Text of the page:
Economic policy-makers and analysts paid close attention in mid-August as Federal Reserve officials gathered in Jackson Hole for their annual symposium. Immediately after Chair Ben Bernanke delivered cautiously optimistic remarks about the state of the economy and the Fed's ability to improve it (at some undefined later date), a panel took the stage to present a research paper with some bad news: We're nowhere near finished with this recession. In fact, most countries that face a recession dominated by a financial crisis have never recovered to pre-crisis levels, even decades later.
I called Vincent Reinhart, a former director of the Fed's monetary-policy division who co-authored the article with his wife, Carmen, an economics professor at the University of Maryland, to tell him their research freaked me out.
"Yeah, well, you should be," Reinhart told me. "And I hope Federal Reserve officials are worried, too."
The Reinharts found that economic growth lags for years after a financial crisis ends. Advanced economies in particular feel the effect on their labor markets, with each that has faced a post-World War II financial crisis seeing higher unemployment after the crisis than before. This, in turn, suggests that what the United States faces is not a "cyclical" crisis but rather a long-term shock to the economy, something different from what we've experienced since World War II in the United States.
Christina Romer, the recently departed chair of the president's Council of Economic Advisers, made a similar point in her valedictory speech.
"This is not my father's recession," she said. "Precisely what has made it so terrifying and so difficult to cure is that we have been in largely uncharted territory. An all-out financial meltdown in the world's largest economy and the center of the world's financial system is something the world has experienced only once in the past century -- in the 1930s."
The Reinharts don't pin down the macroeconomic causes of this phenomenon in their paper (they lack the data to draw broader conclusions) and instead focus on the need for banks and homes to de-leverage -- get rid of debt -- and write down assets that have dropped in value in order to spur a return to lending and, in turn, drive growth.
There are several possible causes of macroeconomic sluggishness. One problem is that policy-makers simply don't figure out how to spur sufficient demand, through spending and tax cuts, after a crisis. Call this the "we need a World War" theory -- only massive, world-shaking government initiatives can solve the demand problem.
Another, troubling theory is that of "hysteresis" -- economies adapt to present realities. Our economy has been running below potential for some time now; according to the Fed, we're still only using about 75 percent of our economic capacity while unemployment remains high. Micro-economic evidence suggests that young people entering the job market during a recession face lower wages for the rest of their lives, and the long-term unemployed lose skills. Broadly, this same phenomenon translates into lower demand for goods and services and results in lower supply, perhaps permanently. Call this Paul Krugman's "new normal" theory -- the economy is changing because of this crisis, and not for the better.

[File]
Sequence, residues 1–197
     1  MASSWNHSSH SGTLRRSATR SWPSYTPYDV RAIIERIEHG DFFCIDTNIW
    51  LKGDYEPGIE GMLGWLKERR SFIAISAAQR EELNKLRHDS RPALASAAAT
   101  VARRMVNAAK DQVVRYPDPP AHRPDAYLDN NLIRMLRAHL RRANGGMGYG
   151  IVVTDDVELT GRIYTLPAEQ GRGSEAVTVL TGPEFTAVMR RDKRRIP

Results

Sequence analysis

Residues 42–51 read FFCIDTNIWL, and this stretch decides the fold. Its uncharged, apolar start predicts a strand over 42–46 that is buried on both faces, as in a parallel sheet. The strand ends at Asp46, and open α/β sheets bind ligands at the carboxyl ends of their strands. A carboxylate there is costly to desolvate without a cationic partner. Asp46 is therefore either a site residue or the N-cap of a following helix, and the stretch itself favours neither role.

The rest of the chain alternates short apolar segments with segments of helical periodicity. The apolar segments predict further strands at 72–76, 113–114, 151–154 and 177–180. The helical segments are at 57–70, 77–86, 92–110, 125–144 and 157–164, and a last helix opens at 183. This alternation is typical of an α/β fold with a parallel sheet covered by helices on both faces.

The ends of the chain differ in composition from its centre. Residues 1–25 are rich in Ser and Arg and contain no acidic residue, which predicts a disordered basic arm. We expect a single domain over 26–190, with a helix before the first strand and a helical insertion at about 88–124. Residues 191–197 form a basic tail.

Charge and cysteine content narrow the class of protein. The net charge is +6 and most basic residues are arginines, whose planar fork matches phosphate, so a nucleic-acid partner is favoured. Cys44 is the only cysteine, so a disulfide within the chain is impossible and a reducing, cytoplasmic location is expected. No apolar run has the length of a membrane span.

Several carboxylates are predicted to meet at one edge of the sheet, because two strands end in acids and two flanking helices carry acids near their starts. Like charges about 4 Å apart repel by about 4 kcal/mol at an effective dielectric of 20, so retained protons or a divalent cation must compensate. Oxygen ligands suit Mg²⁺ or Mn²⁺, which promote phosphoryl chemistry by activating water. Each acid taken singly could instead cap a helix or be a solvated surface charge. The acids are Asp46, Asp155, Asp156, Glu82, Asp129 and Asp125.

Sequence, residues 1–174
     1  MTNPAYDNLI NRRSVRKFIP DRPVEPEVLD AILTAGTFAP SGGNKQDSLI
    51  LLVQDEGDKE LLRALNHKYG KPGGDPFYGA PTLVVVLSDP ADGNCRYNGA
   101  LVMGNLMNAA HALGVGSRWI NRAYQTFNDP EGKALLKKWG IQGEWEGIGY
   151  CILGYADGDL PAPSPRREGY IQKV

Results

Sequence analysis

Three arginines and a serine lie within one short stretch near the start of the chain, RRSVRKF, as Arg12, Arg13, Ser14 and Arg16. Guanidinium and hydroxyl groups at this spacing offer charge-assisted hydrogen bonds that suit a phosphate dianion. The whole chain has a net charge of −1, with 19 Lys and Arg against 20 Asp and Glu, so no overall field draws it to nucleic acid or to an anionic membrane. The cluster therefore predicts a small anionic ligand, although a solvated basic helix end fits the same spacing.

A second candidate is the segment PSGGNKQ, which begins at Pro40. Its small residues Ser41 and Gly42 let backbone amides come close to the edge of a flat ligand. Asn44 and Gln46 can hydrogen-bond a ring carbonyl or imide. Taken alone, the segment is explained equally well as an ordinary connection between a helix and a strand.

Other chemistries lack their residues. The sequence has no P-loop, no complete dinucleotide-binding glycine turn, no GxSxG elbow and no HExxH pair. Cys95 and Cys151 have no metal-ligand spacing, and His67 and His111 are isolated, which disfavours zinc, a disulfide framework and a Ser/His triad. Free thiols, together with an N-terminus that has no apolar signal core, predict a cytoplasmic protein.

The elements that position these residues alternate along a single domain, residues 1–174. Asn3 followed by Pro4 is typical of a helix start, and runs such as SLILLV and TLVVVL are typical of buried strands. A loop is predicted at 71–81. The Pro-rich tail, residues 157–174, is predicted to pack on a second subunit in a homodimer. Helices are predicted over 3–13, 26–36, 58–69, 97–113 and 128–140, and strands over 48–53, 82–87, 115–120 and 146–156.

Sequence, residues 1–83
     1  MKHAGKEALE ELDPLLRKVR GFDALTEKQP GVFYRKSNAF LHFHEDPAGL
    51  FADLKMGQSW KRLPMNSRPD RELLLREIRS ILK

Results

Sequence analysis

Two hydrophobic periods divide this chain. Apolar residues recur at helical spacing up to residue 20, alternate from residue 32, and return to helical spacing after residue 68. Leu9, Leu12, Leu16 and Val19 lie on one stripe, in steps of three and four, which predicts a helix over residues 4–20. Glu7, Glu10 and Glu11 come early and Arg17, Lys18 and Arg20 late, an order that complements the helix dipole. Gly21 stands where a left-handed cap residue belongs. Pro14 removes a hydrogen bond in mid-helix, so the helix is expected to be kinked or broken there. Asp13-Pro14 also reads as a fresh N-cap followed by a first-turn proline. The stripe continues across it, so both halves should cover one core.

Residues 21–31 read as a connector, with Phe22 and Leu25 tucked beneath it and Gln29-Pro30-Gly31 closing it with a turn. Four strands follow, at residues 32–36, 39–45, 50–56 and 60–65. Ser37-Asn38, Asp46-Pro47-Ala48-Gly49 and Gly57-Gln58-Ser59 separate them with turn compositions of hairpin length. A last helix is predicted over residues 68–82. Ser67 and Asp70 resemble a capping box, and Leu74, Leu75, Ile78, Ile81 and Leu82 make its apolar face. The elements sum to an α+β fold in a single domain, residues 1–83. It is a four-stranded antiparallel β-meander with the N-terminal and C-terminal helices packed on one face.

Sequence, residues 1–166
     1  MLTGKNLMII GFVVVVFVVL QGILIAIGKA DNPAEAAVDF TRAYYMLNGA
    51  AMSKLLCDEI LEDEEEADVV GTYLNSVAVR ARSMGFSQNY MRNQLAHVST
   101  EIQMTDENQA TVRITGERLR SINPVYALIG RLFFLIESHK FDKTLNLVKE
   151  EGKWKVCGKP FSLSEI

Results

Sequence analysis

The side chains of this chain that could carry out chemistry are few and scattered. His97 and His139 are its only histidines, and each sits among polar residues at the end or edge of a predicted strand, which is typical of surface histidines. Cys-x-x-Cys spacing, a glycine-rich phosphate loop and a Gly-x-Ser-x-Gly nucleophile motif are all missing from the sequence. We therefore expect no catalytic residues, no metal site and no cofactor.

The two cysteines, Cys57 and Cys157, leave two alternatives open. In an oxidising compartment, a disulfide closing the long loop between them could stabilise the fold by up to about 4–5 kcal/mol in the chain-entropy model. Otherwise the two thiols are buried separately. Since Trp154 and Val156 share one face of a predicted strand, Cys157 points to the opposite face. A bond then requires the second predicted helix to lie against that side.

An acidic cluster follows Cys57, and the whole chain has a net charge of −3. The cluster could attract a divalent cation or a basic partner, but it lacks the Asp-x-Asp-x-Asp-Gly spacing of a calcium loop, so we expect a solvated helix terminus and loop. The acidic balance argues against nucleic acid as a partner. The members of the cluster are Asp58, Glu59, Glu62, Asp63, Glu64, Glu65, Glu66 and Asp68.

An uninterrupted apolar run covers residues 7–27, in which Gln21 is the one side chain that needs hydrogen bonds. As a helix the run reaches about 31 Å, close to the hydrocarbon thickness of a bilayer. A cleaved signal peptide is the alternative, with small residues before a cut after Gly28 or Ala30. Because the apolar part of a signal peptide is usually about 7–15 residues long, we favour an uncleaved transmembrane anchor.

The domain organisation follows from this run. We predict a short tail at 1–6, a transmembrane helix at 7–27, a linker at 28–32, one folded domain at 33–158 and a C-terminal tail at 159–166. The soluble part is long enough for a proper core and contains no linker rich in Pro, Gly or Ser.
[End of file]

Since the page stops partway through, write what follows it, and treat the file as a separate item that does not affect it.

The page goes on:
The most worrying theory, though, is that before the financial crisis, our unemployment level was unnaturally low. By this measure, our unsustainable economic practices drove unemployment below its "natural" -- non-inflationary -- state. The natural resting point of unemployment is probably not 9.6 percent -- demand is still weak -- but by this telling, it's higher than the traditionally accepted 5 percent. Call this the "old normal" theory -- we've never really had the strong labor market we thought was there.
Some view this research with fatalism; economist Kenneth Rogoff, who co-authored with Carmen Reinhart a 2009 history of financial crises, This Time Is Different, recently wrote that "Americans will have to be patient for many years as the financial sector regains its health and the economy climbs slowly out of its hole." While the reality of the deep, and potentially non-cycle, effects of the crisis need to be faced honestly, there is no excuse for passivity. Indeed, the political problems of Democrats in Congress can be traced in part to their expectation of a cyclical recovery while deeply entrenched problems festered.
The paper does not suggest that our economic problems stem from tax rates that are too high or from having too much spending; in fact, more fiscal stimulus in moderate to large amounts is needed, and Vincent Reinhart, like his American Enterprise Institute colleague John Makin, believes a monetary policy more concerned with fears of deflation rather than the potential costs of inflation is needed. Regardless of our need for new ideas to cope with this long shock, the Reinharts believe that medium- and short-term stimulus, balanced with credible plans to address long-term deficits, can help rebuild employment. And yet these steps remain seemingly impossible thanks to political fracture, not inability to act, leaving the U.S. anything but the exceptional nation.
"So far we've been pretty typical. And there's no reason to believe we will stop being typical," Carmen told me.
No reason, indeed, unless policy-makers recognize that our jobs crisis won't end of its own accord.
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